ACMA finds Kyle breached decency

Staff Writer

ACMA has this morning released its findings into the Kyle Sandliands incident on 22 November last year when he criticised a female journalist.

They have found that Sandilands comments were deeply derogatory and offensive and were a breach of the Commercial Radio Codes of Practise. ACMA has said that they have now commenced formal steps to impose a second license condition on 2Day FM to prohibit the station from broadcasting indecent content, or content that demeans females.

ACMA Chairman Chris Chapman said "The Authority found the comments by Mr Sandilands deeply derogatory and offensive and, in all the circumstances, a licence condition is the appropriate response"

ACMA also found that the comments did not breach the code prohibition on inciting serious contempt or severe ridicule on the grounds of gender. This was because, although the comments conveyed hatred, serious contempt and severe ridicule on the grounds of gender, they were not considered likely to ‘incite’ those feelings in others.

The ACMA also found that the program material was not likely to incite, encourage or present for its own sake violence or brutality.

In response to this incident, 2DAY-FM has indicated that it has introduced several safeguards, including:

  • Instructing Mr Sandilands and his management of the sort of remarks that are unacceptable and must not be repeated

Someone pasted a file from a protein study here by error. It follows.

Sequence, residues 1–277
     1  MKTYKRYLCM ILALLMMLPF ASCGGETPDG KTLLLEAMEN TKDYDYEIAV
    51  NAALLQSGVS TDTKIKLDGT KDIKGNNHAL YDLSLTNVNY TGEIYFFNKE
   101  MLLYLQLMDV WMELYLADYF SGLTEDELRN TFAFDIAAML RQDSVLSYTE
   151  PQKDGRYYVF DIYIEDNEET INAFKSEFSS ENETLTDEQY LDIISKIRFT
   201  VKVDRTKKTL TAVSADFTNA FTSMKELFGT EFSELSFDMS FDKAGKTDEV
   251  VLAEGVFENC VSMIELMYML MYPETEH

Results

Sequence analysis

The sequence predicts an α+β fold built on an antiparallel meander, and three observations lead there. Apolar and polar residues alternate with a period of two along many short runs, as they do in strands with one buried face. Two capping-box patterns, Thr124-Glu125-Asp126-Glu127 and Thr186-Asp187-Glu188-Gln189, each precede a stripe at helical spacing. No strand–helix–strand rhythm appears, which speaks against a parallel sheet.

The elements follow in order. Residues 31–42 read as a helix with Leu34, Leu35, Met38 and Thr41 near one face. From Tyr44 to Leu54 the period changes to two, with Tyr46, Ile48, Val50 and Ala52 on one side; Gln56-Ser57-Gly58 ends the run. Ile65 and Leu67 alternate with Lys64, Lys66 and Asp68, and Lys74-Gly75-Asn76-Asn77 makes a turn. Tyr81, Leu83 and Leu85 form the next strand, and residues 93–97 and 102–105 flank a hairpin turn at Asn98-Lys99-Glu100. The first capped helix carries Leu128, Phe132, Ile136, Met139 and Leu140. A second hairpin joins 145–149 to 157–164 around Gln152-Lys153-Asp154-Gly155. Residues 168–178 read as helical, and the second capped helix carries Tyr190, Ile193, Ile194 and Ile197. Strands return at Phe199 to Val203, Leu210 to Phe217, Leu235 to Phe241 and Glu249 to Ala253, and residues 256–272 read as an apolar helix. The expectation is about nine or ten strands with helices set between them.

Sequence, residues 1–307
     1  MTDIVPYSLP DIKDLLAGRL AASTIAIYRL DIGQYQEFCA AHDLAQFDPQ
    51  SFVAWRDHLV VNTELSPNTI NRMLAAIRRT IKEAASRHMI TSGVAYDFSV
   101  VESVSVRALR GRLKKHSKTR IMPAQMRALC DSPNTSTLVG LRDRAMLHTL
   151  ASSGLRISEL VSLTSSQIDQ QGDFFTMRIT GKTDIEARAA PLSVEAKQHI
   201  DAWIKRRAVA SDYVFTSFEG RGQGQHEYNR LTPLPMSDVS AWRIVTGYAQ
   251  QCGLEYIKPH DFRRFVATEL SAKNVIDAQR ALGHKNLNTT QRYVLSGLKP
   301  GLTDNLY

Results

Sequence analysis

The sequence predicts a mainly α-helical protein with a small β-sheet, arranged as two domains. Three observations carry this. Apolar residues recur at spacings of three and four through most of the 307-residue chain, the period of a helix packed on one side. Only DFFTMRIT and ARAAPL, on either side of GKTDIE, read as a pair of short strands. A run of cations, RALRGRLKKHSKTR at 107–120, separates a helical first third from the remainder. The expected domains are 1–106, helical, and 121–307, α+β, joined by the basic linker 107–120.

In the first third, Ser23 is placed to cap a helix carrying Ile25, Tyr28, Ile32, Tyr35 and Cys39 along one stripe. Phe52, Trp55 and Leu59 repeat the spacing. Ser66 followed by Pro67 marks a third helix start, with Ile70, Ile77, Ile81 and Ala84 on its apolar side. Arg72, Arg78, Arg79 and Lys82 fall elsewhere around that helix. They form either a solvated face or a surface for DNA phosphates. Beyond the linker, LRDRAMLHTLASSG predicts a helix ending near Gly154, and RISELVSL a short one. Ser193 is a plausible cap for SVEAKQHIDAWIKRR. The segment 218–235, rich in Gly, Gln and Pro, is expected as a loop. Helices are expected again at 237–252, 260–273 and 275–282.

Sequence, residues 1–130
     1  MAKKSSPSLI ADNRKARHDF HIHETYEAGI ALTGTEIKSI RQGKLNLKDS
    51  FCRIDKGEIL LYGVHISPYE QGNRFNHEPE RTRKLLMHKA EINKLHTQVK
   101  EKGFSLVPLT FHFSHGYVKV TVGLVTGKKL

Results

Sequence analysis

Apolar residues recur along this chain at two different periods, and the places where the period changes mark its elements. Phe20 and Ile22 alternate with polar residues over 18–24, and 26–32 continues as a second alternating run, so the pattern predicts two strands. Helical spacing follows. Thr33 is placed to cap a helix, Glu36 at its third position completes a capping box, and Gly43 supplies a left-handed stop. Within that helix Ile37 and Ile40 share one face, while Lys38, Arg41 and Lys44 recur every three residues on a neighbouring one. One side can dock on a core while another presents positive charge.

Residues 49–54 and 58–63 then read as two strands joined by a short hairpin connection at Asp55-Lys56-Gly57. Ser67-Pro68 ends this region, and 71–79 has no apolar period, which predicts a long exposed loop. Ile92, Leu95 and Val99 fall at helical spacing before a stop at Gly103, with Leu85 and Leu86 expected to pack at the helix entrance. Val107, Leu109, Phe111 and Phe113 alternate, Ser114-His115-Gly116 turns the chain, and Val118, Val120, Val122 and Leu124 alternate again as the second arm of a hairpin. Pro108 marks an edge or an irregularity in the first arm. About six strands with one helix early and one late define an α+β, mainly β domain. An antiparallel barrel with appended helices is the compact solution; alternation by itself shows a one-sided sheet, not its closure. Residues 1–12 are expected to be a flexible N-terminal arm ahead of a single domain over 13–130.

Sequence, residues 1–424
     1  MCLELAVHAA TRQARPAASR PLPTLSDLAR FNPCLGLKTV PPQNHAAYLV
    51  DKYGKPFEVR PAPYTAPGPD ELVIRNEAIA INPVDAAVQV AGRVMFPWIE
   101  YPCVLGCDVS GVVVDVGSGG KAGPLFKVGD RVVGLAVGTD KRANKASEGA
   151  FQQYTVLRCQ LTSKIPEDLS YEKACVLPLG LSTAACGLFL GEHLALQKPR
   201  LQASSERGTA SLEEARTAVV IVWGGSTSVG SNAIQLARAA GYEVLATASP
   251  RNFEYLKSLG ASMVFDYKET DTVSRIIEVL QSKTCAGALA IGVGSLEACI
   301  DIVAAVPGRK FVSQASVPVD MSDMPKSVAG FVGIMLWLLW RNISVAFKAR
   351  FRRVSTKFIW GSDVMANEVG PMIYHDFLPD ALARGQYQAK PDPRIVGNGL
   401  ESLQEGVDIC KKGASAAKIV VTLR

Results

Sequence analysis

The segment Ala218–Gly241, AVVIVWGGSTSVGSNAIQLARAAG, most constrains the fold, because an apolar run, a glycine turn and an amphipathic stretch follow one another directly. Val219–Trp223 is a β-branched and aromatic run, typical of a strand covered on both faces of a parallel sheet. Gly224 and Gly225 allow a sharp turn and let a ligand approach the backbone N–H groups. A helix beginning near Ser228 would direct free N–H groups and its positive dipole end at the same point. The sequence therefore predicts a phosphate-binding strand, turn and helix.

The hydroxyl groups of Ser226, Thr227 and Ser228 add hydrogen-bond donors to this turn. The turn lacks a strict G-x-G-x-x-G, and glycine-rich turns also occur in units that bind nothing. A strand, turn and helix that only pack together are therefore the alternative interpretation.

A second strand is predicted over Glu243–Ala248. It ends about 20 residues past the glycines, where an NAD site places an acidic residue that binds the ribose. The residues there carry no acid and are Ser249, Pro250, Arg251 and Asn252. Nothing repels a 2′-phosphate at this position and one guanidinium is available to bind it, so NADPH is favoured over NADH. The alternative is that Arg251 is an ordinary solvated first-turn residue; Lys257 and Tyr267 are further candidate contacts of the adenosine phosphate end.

• Extending the broadcast delay for the program from 10 seconds to 30 seconds
  • Installing a warning light system in the Sydney (and Los Angeles) studios to allow production staff and content advisers to notify announcers when content may be of concern

If 2DAY-FM does not comply with its additional licence condition, the ACMA may take further action including:

  • Give a remedial direction
  • Impose a further additional condition
  • Accept an enforceable undertaking or
  • Suspend or cancel the licence

ACMA has no powers to ‘fine’ 2DAY-FM or take any action directly against any talent employed by the licensee.

Southern Cross Austereo have released a statement this morning saying, in part, that should the final license conditions be 'onerous' that they will pursue all available remedies to have the condition revoked. 

CEO Rhys Holleran said "Our difficulty with the proposed license condition is that terms such as 'decency', 'demeaning' and 'undue emphasis on gender'' are broad and ambiguous and means different things to different people……we consider the condition to be unworkable"


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